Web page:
Mining Industry

Tour curated by: Christopher Gray

Mining significantly impacted Montana’s history and shaped the built environment. The first Montana Gold Rush in the early 1860s set the stage for massive change. Upon the discovery of gold, boom towns soon dotted the territory and drew many people of various ethnic groups to the area to work claims and supply the miners. While early mining camps grew organically in conjunction with topography and resources, later town leaders platted market towns with orderly business districts and residential areas.

Mining impacted more than settlement patterns. A few lucky individuals made fortunes from silver, copper, and gold. Well-connected men such as William A. Clark and Marcus Daly shaped the social, economic, and political environment of the state. Their wealth affected the built environment, too, as they supported the construction of lavish mansions, churches, hospitals, educational facilities, and company homes. The mining industry itself became such a great economic asset to the region that the state used Enabling Act funds to establish the Montana State School of Mines in Butte in the late 1880s.

Railroads played a major role in the growth of Montana’s mining industry. Gold, silver, and copper mining towns served railroads such as the Union Pacific and Northern Pacific with destinations to which they could expand their service, and the ample supply of coal in Montana provided a steady source of fuel and product. Railroads knit the towns of the state together and provided Montanans with unprecedented mobility and access to products and information.

Few industries proved as important to Montana’s growth as mining, and in a few key areas this importance is written on the land.

Locations for Tour

The spectacular gold deposit discovered in Alder Gulch on May 26, 1863, led to the rapid growth of this colorful and legendary gold camp town. Thousands of fortune‑seekers rushed to the area, and by 1864 the Virginia City area boasted 30,000…

The hasty construction of this remarkably preserved early dwelling reflects the excitement of the gold rush to Alder Gulch during the summer of 1863. Its original dirt-covered pole roof predates the first saw mills; the roof was later covered over…

Philipsburg’s early-day fortunes ebbed and flowed with mining. Today, its historic district is one of Montana’s best preserved late-nineteenth-century mining towns, with commercial, public, and private buildings dating from the boom period of…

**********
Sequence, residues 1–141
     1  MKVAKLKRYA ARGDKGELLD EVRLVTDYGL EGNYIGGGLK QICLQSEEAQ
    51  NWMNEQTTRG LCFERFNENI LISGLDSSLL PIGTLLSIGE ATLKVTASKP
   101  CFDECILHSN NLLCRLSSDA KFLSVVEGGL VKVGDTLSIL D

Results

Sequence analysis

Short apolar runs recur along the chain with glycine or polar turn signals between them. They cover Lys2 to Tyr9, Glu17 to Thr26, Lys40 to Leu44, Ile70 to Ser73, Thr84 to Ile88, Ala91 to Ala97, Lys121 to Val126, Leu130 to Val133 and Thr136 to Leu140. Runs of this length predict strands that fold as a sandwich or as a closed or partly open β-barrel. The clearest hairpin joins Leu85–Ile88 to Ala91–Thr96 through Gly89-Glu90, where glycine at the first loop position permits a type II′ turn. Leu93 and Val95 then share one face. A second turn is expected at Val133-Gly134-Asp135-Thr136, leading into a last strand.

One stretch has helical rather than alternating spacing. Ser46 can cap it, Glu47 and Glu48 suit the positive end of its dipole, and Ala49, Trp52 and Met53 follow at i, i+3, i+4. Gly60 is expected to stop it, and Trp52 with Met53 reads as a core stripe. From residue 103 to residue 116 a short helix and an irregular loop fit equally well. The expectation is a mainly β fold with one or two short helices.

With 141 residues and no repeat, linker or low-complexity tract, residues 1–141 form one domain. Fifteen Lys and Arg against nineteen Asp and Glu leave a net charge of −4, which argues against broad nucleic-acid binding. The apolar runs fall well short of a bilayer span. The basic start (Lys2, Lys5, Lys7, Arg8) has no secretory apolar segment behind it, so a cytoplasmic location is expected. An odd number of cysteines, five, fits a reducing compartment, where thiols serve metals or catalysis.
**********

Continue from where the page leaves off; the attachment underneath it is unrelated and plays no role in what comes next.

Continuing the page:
The crooked path of Last Chance Gulch, weaving between original mining claims, memorializes Helena’s chaotic beginning as a gold camp in 1864. Within a year of the placer gold discovery, a boomtown flourished, with homes and businesses in tents and…

Gold dust was the common currency when George Higgins built this sturdy “fire-proof stone” business block circa 1866. F. R. Merk leased the new building for his mercantile, advertising fancy and staple groceries, liquors, Queensware, woodenware…

Prospectors discovered gold in Alder Gulch, Idaho Territory, on May 26, 1863. Within weeks, the countryside was teeming with thousands of prospectors, but the easily extracted placer gold soon played out. B. F. Christenot, acting independently or…

This first permanent settlement of the gold camp at Last Chance Gulch offers a glimpse of early Helena from the late 1860s to the 1890s. By the 1870s, a Catholic cathedral, St. John's Hospital, two schools, and dormitories presided over the…

The physical link between the earliest settlement of Helena and the ceaseless efforts to fully exploit the area’s mineral potential is nowhere more clearly apparent than in this narrow district, settled on mining claims. After the first local gold…

From the time it was located in 1875 until it was purchased by Marcus Daly and associates in 1879, ownership of fractional shares in the Orphan Girl Mine changed hands faster than the ante in a poker game. The Orphan Girl eventually operated to a…

Miners north of Missoula Gulch struck silver in 1872, and three years later Rollo Butcher located the Alice, one of the richest silver mines on the Hill. Butcher is credited with building the first permanent residence in Walkerville, and the…

It took millions of miles of copper to build the telegraph, telephone, and electrical lines that transformed the United States from a collection of small, isolated communities to a cohesive, industrialized nation. Looming gallows frames and the…